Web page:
Cheers,
 

PeterA

Well-Known Member
Dec 7, 2011
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North Shore of Boston
That's a very interesting application for your platforms, Jarek. I suspect one challenge would be realigning the tweeter height and tilt relative to the listener. My own speakers are quite sensitive in this area. There may also be challenges with the LF driver in a multi driver design and how it is located relative to the floor to maintain whatever sonic traits the designer had in mind.
 

Blue58

Active Member
Jan 20, 2013
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London, UK
Hi Jared,
My AG Duos are on carpet over suspended flooring (1st floor bedroom) and I too had bass bloat from energy released from the flooring. My solution was using the Herbies Audio Lab Giant Gliders that decouple the speakers and allow some movement in the speaker. Result! bass bloat gone and I’ve never looked back.
I believe Boenicke also use some form of decoupling too.
Cheers
Blue58
 
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Stacore

Industry Expert
Feb 23, 2017
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Thank you guys for the feedback! Yes Peter, you are absolutely right with our current designs there is a rise of 11-14cm of the tweeter, which might be an issue in some systems. But what I meant was rather a general observation - a proper suspension of speakers may sometimes be highly rewarding. This goes much against some of the common and well seasoned belief circulating around for decades that speakers should be hard coupled to the floor. The argument sometimes used is a Doppler modulation of the tweeter output by the bass drivers. I've never been really convinced by this as Doppler effect depends on the ratio of the source velocity to the speed of sound, which I think here is very low. This is in brief my personal motivation to testing suspensions under speakers.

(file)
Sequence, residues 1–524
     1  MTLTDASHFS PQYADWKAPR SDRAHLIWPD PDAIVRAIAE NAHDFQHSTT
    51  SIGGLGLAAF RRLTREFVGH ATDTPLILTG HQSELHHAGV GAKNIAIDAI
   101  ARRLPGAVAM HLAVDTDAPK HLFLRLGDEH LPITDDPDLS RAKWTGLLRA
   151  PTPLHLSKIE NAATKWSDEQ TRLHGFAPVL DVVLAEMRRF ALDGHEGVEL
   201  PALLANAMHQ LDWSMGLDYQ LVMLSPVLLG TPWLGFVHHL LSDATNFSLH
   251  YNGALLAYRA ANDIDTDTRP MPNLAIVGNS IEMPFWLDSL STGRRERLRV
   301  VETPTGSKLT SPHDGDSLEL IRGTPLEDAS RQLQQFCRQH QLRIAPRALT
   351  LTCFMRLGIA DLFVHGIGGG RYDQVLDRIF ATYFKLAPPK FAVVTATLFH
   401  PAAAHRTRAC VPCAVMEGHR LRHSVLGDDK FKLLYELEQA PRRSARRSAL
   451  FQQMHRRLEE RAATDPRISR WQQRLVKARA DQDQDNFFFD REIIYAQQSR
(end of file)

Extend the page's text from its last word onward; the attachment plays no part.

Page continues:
Cheers,
 

LL21

Well-Known Member
Dec 26, 2010
10,896
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Not sure if that's the right thread but could not find a better one.

One more empirical data point for something I've been strongly advocating [after my mentor Barry Diament] - suspending speakers. This one is by our distributor (KlangLoft) and I haven't heard the system myself
yet so pls treat it accordingly.

As Michael reports, suspending his speakers had quite a profound effect in his system and in his circumstances of a suspended wooden floor. The most important effect was reportedly cleaning of a bass bloat, which in turn resulted in revealing new layers of musical information. Buried previously under an over exposed LF. As far as I understand, this LF bloat was a result of the suspended wooden floor happily storing and releasing back the LF energy. Most probably releasing back both to the speaker cabinets as well as to the rest of the system (building structures can transmit vibrations to a surprisingly large distances). Breaking the speaker/floor vibration path resulted here in breaking various feedback loops (feedback to the cabinets, feedback to the amplifiers, feedback to the source), with reportedly good sonic consequences.

An interesting question is how universal are such findings. An immediate counterexample would be those speakers, which are intentionally designed to couple to the floor and their LF output relies on that. OTOH designing such speakers, it is hard to predict and take into account the behavior with all types of floors (suspended, concrete, wood panels, parquet, tiles, etc). I guess as usually the ultimate proof is in the pudding.


View attachment 48785

Cheers,
Can you make them for a Wilson X1/Grand SLAMM? I have heard great benefit with the Stillpoints Ultra 5s under the Wilsons, as have a number of other big Wilson owners including Jacob Heilbrunn.
 

Stacore

Industry Expert
Feb 23, 2017
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Gdańsk, Poland
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Hi LL21, thank you for the question. Yes, this it is definitely doable *if* the 11cm speaker elevation is ok (e.g. the further away you listening place is from the speakers the lesser the chance it will matter). The big weight (250kg) is actually a blessing for pneumatic suspensions :) PM me if interested.

Cheers,
 

PeterA

Well-Known Member
Dec 7, 2011
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447
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North Shore of Boston